Will Twilight Obsess New Generations in Twenty Years?

Photo: Summit Entertainment

Since the publication of its first book in 2005, Stephenie Meyer’s Twilight Saga has sold more than 100 million copies around the world. Its first movie adaptation grossed $382 million worldwide. Breaking Dawn, Part 1, the fourth and penultimate installment in the film franchise, is expected to make as much as $140 million when it opens this weekend. Twihards, as Twilight’s rioting teenage fans are known, have been camped out for weeks at premiere locations in the hope of glimpsing Robert Pattinson (Team Edward) or Taylor Lautner (Team Jacob), a preference as important to this generation as Dylan or Brandon was to the Catalanos. You already know all this; Twilight is virtually inescapable at this point, even if you’ve never set foot in a Hot Topic. But as the movie franchise nears its conclusion (one more to go!), and a new set of teen series swoop in to take its place, Twilight’s future teen hegemony is less certain. There will still be Twihards (first love never fades), and they will surely try to inspire a similar devotion in their own children, but will Twilight be able to work its vampire-loving magic on another generation?

It’s important to note, at this point, that whatever its literary or sociological faults (and yes, there are plenty), Twilight is incredibly effective as a story. An unremarkable teenage girl finds herself in a love triangle with a wildly attractive, nonthreatening vampire and an equally hot, motorcycle-savvy werewolf. Both love her unconditionally, protect her fiercely, and — awesomely, and not just to a teenage mind — fight over her. With newborn vampire armies. There’s also a showdown in Italy and half-vampire spawn. It’s ridiculous, but it keeps the pages turning, and not only taps into all the insecurities and hopes and crazy hormones that come with being 13 years old, but all the insecurities, hopes, and crazy hormones older readers like to be reminded they once had. Twilight’s fans are not just tweens, but also grown women, though the latter population may be less likely to shout it from the tree tops (where Robert Pattinson’s Edward carried them, in their imaginations).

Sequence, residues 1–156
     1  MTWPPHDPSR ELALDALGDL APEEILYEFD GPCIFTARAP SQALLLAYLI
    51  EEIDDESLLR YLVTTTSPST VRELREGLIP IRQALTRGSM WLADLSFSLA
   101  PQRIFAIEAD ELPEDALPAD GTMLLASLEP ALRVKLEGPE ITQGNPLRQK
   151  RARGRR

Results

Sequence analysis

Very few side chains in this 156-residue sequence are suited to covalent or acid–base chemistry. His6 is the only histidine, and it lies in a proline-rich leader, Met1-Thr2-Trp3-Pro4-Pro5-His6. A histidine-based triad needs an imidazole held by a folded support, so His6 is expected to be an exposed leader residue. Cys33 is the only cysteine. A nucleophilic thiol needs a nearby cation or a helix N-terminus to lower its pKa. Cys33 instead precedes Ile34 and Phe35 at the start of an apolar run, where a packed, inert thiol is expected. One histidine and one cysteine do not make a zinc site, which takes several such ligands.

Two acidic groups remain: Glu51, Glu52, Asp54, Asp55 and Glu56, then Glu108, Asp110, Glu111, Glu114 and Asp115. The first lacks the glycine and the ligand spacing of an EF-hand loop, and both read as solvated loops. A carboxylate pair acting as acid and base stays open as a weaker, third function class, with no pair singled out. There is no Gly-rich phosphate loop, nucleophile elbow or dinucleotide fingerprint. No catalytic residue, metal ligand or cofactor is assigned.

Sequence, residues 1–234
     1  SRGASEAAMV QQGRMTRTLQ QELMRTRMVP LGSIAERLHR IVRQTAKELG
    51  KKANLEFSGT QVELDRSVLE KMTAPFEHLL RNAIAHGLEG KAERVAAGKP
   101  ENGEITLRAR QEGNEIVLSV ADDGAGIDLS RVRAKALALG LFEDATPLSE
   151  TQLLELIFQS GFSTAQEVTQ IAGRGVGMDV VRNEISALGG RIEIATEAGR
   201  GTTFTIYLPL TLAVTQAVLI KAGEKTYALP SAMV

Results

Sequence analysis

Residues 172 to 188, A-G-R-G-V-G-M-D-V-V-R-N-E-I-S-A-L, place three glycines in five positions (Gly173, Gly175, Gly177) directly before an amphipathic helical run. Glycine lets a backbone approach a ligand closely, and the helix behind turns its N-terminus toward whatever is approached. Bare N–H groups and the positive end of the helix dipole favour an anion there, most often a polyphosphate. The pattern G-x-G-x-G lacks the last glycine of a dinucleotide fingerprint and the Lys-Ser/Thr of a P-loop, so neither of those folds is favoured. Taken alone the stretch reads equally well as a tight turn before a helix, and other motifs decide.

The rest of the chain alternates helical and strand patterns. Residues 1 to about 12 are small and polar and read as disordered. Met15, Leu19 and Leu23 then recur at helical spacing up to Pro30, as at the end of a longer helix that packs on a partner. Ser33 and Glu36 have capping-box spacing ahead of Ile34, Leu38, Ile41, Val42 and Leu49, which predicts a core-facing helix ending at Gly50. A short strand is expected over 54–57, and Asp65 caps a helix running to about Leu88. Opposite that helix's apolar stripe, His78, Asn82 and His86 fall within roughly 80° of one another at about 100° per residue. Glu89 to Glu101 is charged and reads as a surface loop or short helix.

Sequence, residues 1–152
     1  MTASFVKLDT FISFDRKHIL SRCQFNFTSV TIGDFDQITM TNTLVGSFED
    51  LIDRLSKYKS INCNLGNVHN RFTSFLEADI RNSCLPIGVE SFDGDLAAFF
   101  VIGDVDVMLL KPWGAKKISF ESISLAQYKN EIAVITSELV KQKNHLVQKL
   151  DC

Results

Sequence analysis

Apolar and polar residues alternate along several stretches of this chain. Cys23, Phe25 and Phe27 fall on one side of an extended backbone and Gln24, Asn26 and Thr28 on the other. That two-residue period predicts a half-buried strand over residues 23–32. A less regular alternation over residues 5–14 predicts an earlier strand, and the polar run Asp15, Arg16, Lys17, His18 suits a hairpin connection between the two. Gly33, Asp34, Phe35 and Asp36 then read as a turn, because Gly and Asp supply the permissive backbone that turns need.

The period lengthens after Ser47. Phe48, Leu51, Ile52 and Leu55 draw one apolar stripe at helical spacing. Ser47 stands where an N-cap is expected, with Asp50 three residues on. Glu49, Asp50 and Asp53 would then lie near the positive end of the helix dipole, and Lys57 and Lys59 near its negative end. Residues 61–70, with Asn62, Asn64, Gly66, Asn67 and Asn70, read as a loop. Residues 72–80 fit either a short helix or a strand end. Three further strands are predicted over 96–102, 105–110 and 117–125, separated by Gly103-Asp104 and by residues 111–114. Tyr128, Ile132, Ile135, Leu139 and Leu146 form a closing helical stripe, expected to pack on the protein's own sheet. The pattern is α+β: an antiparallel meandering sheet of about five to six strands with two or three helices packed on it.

But a big part of the Twilight movie experience is the frenzy — the weird tattoos, the insane fan sites, the are-they-or-aren’t-they-dating speculation. (They are. Even that fun is over.) After Breaking Dawn: Part 2 — the final half of the final book — that hysteria will fade away. Movies like Harry Potter and Lord of the Rings live on because people watch them alone, after the commercial brouhaha dies down. Twilight watched alone is just a poorly lit staring contest between two strange-looking dudes (neither of whom will be famous, if recent box office earnings are any indication). It’s like the boy band of successful movie-to-book franchises — no one lusts and shrieks more passionately than its fans, but eventually they will put the R-Patz and Lautner posters in the trash, next to the David Cassidy, New Kids, and N’Sync posters of yore. The next generation will likely want pinup boys all their own.

And they’ll get them: A lot of books and movies can re-create the teenage experience, and presumably some new series won’t have the problems that Twilight does. Stephenie Meyer’s central plot, though irresistible, is entirely replicable, and certainly no one is reading the books for her prose. The movies look cheap, with that pasty makeup and herky-jerky “spider-monkey” flying that will probably not age as well as their DVD hawkers might hope. (Those clothes, also, will surely be outdated, and not in a cool, “Let’s be the Cullens for Halloween” sort of way.) Maybe Twilight will find some second life as the B movie that’s always on cable, and so you watch it, half-jokingly, like Teen Wolf or Weird Science. But these are not stand-alone movies; they are movies that teens watch because they read the books, and loved the books, and want to see that hunk Robert Pattinson act out the books. But without pre-knowledge of Twilight, he’s hardly even a hunk — just a guy in sparkly mime makeup looking confused.

Meanwhile, new YA series are already gunning for Twilight’s perch. The superior Hunger Games wisely debuted its trailer this past Monday, and it seems ready to match Twilight in wall-to-wall coverage, if not in book sales. Surely a dozen new knockoffs will follow, and while they might not reach Twilight levels of ubiquity, they will have the advantage of being brand-new. Teenagers, remember, are not so wild about the hand-me-downs. There’s too much else to watch. And the makeup really is bewildering.

Will Twilight Still Be an Obsession in Twenty Years?